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U.S. Department of Health and Human Services

Inspections, Compliance, Enforcement, and Criminal Investigations

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Carneys Drug 27-May-03

Department of Health and Human Services' logo

Public Health Service
Food and Drug Administration

  New England District
One Montvale Avenue
Stoneham, Massachusetts 02180
(781) 596-7700
FAX: (781) 596-7896


May 27, 2003
WARNING LETTER
NWE-18-03W

VIA FEDERAL EXPRESS

William J. Keefe, Owner
Carneys Drug
32 Main Street
Rochester, New Hampshire 03867

Dear Mr. Keefe:

On August 28, 2002, FDA Investigator John S. Hartford of the New England District Office conducted an inspection of your facility. A representative from the New Hampshire State Board of Pharmacy accompanied Mr. Hartford on this inspection. The
inspection disclosed that your firm compounds Fentanyl oral lozenges (“lollipops”) ranging in strength from 800 mcg to 4000 mcg.

Although in the FDA Modernization Act of 1997, Congress had provided certain conditions under which compounded drugs could be exempt from particular requirements of the Federal Food, Drug, and Cosmetic Act (the Act), as a result of a Supreme Court ruling last year, those exemptions are no longer available for compounded drugs.

Because of the Supreme Court decision, FDA determined that it needed to issue guidance to the field and compounding industry on what factors the agency will consider in exercising its enforcement discretion regarding pharmacy compounding. This
guidance issued on June 7, 2002 in the form of Compliance Policy Guide (CPG), Section 460.200.

As a result, the agency now applies its longstanding policy to recognize and exercise its enforcement discretion for extemporaneous compounding, where reasonable quantities of drugs are manipulated upon receipt of valid prescriptions from licensed practitioners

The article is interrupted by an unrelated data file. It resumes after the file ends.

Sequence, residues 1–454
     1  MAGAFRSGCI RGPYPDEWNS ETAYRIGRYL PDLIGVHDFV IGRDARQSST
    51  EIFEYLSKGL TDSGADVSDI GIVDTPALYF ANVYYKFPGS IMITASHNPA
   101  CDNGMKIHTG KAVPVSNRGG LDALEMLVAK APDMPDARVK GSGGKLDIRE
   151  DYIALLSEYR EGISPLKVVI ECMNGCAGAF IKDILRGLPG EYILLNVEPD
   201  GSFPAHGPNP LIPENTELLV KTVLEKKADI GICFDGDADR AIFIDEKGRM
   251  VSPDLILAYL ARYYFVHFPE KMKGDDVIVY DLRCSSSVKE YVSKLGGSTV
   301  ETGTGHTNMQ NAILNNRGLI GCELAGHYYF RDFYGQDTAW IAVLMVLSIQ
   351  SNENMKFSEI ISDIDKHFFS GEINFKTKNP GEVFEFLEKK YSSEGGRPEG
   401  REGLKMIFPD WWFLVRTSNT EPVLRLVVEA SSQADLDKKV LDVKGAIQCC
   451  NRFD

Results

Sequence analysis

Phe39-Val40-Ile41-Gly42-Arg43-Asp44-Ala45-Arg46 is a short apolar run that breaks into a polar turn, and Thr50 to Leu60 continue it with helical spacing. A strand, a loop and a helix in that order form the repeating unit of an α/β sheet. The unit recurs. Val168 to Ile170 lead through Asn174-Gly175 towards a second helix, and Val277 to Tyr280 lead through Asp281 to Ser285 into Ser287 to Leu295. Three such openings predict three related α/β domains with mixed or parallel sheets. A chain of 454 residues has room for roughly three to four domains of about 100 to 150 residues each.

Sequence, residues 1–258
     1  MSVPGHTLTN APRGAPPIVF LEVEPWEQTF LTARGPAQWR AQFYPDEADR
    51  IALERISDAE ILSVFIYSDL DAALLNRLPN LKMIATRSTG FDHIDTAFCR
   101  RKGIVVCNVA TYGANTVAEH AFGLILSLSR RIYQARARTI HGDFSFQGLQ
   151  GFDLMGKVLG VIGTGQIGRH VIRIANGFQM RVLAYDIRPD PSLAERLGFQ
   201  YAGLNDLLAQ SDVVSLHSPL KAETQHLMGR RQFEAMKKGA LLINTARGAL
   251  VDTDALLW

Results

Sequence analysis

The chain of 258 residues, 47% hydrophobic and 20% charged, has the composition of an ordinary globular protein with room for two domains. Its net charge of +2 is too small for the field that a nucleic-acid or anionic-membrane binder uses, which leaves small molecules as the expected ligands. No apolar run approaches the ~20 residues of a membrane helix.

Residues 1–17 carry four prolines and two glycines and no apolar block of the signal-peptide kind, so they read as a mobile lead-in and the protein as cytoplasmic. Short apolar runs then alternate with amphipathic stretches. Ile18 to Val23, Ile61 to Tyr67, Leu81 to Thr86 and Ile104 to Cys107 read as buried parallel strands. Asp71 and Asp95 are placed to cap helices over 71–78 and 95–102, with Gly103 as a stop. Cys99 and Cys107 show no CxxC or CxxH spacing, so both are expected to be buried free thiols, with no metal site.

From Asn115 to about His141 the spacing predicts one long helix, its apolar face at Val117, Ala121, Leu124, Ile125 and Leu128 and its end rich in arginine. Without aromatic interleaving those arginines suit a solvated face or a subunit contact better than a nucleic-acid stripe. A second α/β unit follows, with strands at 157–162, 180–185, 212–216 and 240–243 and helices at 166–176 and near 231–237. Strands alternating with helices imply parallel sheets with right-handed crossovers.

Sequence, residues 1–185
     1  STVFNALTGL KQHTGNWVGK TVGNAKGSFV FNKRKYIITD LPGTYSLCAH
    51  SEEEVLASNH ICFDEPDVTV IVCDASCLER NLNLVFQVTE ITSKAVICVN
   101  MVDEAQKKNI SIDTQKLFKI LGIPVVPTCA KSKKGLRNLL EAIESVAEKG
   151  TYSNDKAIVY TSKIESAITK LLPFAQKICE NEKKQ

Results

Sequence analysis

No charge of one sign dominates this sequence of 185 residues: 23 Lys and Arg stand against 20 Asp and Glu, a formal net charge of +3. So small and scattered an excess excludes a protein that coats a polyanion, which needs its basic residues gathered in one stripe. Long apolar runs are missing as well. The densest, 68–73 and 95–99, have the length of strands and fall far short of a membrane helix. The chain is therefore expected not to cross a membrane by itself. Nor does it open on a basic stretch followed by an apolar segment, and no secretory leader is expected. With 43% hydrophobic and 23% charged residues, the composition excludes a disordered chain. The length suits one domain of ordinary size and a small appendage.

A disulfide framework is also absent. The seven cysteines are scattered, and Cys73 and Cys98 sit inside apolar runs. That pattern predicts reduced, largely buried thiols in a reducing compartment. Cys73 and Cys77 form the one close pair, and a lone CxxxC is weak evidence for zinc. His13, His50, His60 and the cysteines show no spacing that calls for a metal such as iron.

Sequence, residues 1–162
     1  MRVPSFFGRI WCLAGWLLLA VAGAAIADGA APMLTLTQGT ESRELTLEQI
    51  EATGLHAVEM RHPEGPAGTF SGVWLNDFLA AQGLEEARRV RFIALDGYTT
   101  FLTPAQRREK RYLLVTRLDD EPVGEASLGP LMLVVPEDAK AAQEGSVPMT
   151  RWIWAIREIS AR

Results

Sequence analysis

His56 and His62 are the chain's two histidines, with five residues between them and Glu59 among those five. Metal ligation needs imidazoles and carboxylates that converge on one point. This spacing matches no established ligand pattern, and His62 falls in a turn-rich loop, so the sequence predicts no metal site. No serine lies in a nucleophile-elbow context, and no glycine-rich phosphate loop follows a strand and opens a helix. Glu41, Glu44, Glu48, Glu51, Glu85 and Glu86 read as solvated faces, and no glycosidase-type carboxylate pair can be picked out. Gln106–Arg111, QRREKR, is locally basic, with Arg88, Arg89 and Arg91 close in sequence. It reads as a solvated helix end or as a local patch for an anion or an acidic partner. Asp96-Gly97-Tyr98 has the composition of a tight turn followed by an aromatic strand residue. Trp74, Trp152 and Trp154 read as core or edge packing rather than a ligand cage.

for individually identified patients. One factor that the agency considers is whether or not there is any documentation that demonstrates a medical need for particular patients for a specific variation between a commercially available drug product and compounded drug product. During the inspection of your firm, it was disclosed that your Fentanyl oral lozenge products have been compounded in strengths varying from 800 mcg to 4000 mcg. The commercially available product is available in 200 mcg, 400 mcg, 600 mcg, 800 mcg, 1200 mcg and 1600 mcg strengths. In the absence of any documentation of medical need for particular patients for particular variations between the commercially available Fentanyl “lollipop” and your compounded Fentanyl, “lollipop” drug products, such compounding would essentially constitute copying of a commercially available drug. The Agency would not consider this activity to be consistent with the regular course of a pharmacy dispensing drugs at retail.

In addition, the agency remains seriously concerned about the public health risks associated with the compounding of Fentanyl “lollipops” that are dispensed without the labeling and other packaging and patient safety features required by FDA for the FDA
approved product. The inspection disclosed that your firm dispenses your Fentanyl “lollipops” in a pharmacy bag that is not child-proof. While certain warning information is provided in the labeling that accompanies your product, the product is not accompanied